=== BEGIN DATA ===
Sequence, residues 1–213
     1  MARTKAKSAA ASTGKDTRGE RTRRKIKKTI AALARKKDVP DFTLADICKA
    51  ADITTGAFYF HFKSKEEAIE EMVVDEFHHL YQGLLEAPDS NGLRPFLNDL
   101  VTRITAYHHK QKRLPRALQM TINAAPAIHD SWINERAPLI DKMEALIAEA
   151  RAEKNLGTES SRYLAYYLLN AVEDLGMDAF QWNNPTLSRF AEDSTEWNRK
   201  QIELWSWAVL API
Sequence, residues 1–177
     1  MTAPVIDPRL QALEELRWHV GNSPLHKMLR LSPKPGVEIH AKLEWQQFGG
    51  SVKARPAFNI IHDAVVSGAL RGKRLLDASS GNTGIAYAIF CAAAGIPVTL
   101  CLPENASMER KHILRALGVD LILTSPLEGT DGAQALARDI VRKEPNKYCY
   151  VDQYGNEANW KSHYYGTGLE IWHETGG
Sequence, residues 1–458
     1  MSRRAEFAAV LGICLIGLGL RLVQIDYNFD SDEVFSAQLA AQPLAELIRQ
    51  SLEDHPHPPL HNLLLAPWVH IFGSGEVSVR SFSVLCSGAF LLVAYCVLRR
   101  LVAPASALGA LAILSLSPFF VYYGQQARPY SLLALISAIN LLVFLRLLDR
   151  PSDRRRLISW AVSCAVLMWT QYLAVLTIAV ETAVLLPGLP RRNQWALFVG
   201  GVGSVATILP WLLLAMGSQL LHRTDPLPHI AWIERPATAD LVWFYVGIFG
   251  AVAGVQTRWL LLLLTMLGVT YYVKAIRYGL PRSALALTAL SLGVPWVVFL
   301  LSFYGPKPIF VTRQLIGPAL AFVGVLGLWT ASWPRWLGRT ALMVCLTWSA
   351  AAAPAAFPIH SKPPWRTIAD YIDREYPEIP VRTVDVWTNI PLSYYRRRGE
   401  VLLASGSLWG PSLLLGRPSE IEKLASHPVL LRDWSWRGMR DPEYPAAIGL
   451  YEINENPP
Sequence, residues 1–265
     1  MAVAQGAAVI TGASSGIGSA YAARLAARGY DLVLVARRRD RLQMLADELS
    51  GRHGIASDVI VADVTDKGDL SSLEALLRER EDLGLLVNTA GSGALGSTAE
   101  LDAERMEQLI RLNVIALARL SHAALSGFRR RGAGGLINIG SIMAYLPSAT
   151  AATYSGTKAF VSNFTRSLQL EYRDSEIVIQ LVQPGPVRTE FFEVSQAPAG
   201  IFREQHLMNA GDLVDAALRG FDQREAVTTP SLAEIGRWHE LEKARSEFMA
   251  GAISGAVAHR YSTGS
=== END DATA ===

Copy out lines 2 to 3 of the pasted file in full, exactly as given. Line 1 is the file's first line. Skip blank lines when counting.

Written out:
     1  MARTKAKSAA ASTGKDTRGE RTRRKIKKTI AALARKKDVP DFTLADICKA
    51  ADITTGAFYF HFKSKEEAIE EMVVDEFHHL YQGLLEAPDS NGLRPFLNDL